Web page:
Australia: Somatic fusion could lead to new waxflower hybrids

Helix Australia is a major player in the breeding, licensing, marketing and commercialisation of Waxflower (Chamelaucium sp.) for both cut flower and pot plant production. Waxflower is one of the most popular filler flowers in the global cut flower trade with key production zones in Israel, South Africa, USA, Peru and Australia. In addition Waxflower is a very popular pot plant for application in landscape and also as an impulse potted colour line for home/balcony use.

Since establishing in 2008, Helix Australia has released a number of new hybrid Waxflower varieties which are now grown in commercial quantities in South Africa, Israel and Australia. New Waxflower production sites are now moving into the commercial volume stage in California, Italy and Spain. Recent releases from Helix Australia's breeding programme includes Waxflower Moonlight Delight, Waxflower Sarah’s Delight, Waxflower My Sweet 16, Waxflower Chantilly Lace, Waxflower Raspberry Ripple, Waxflower Pearl Buttons and Waxflower Strawberry Surprise.

In the recently completed 2017/2018 season, over 4 million stems of Helix Australia waxflower hybrids were traded globally with the major market consumption points being in Europe, SE Asia and west coast USA, Australia.

Helix Australia Managing Director Adrian Parsons says the focus of the Waxflower breeding programme is on developing unique colours, unique bloom size and shapes. In addition, flowering time is a key breeding priority specifically targeting early flowering Waxflower hybrids which can lengthen the season and help lift grower returns.

"Our Southern hemisphere Waxflower growers typically start harvest in late May /early June so targeting new hybrids for late April/early May will enable us to optimise the high demand and prices for Mother’s Day”, says Parsons.

Parsons continued, “In the same breath we also see strong growth opportunities enabling Southern hemisphere growers to push strongly into December and Northern hemisphere growers to optimise returns for Mother's Day in mid May with later flowering varieties.”

To date all of Helix Australia’s hybrid Waxflower releases have originated from Helix’s in-house breeding and selection project in Regans Ford Western Australia. The parent material from this breeding block was developed by Brian Jack from Western Flora.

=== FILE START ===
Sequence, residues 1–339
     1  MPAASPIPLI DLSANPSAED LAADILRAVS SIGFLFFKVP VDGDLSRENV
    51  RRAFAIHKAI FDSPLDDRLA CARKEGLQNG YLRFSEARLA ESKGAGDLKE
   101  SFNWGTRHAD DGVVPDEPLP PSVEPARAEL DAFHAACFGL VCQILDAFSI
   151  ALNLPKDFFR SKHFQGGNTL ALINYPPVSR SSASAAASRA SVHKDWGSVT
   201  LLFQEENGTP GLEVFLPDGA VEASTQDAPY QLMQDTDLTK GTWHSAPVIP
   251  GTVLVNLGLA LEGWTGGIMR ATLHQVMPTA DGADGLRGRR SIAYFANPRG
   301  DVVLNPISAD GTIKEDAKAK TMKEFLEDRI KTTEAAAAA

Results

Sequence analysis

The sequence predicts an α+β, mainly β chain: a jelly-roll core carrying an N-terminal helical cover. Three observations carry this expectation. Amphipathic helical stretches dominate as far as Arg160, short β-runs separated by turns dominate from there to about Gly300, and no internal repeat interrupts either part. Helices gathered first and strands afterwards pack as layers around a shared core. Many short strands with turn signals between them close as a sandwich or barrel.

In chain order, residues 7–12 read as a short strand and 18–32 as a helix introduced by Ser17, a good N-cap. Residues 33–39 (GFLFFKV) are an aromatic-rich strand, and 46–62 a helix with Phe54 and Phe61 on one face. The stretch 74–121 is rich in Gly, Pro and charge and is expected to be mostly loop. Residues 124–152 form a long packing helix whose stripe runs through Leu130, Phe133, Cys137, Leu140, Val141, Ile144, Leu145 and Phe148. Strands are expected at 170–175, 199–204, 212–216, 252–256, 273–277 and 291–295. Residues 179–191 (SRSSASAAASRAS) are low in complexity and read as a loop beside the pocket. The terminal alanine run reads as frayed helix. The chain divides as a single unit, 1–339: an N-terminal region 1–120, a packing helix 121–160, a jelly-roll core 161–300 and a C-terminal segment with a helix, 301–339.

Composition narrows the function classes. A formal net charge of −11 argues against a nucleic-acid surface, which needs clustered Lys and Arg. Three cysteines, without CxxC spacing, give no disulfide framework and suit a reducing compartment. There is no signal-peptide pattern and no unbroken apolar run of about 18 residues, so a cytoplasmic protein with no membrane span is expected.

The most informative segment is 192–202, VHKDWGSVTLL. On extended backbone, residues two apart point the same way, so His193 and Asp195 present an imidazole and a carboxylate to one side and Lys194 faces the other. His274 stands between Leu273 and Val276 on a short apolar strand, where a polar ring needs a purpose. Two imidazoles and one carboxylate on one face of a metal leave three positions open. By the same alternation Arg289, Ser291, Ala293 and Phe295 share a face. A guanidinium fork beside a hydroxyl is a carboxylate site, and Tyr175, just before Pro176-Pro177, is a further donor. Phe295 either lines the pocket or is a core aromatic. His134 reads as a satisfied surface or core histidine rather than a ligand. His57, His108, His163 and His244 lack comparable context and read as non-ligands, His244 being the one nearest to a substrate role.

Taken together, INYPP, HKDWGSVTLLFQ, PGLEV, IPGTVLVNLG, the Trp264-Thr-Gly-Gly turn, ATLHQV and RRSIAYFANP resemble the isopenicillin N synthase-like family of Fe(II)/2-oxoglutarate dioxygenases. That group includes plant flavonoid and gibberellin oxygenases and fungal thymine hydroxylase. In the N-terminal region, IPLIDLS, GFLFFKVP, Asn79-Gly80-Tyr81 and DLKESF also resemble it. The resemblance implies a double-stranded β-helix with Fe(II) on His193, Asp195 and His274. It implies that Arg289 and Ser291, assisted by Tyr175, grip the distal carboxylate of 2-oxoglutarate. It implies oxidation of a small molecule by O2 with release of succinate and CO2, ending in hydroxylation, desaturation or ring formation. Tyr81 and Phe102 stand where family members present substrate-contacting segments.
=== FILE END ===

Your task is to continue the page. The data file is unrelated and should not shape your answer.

However, since 2011 Helix Australia has forged a commercial breeding partnership with Kings Park and Botanic Gardens in Perth Western Australia who are using a range of sophisticated breeding techniques including somatic fusion to create a totally new wave of Waxflower hybrids.

The technique of somatic fusion facilitates the crossing of genera that otherwise may or may not occur in nature – with potential outcomes that could possibly see development of new Waxflower hybrids in colours never imagined such as yellow, orange and red. Flowering size 20 to 50% larger than current commercial Waxflower varieties is another potential outcome for this ground breaking breeding technique. Non Chamelaucium genera being trialled in this breeding programme include Verticordia, Pileanthus and Darwinia.

Backcrossing is a breeding technique to produce fertile interspecific hybrids but a more efficient method is to induce polyploids. Polyploids are plants that have duplicate sets of chromosomes. This occurs widely in natural populations and plant biologist have theorised that polyploidy has played a major role in plant evolution.

Doubling the number of chromosomes in an infertile hybrid can restore fertility as it allows the plant to produce pollen and egg cells with balanced chromosomes. Inducing tetraploids can also increase the size of the flowers and leaves. Producing significant numbers of fertile diploid and tetraploid interspecific and intergeneric hybrids through the Kings Park breeding program has set the stage for the commercial production of high value hybrids with an array of flower colours, flower sizes and plant forms suitable for cut flowers, home gardens and broad landscapes.

For more information:
Helix Australia
Adrian Parsons

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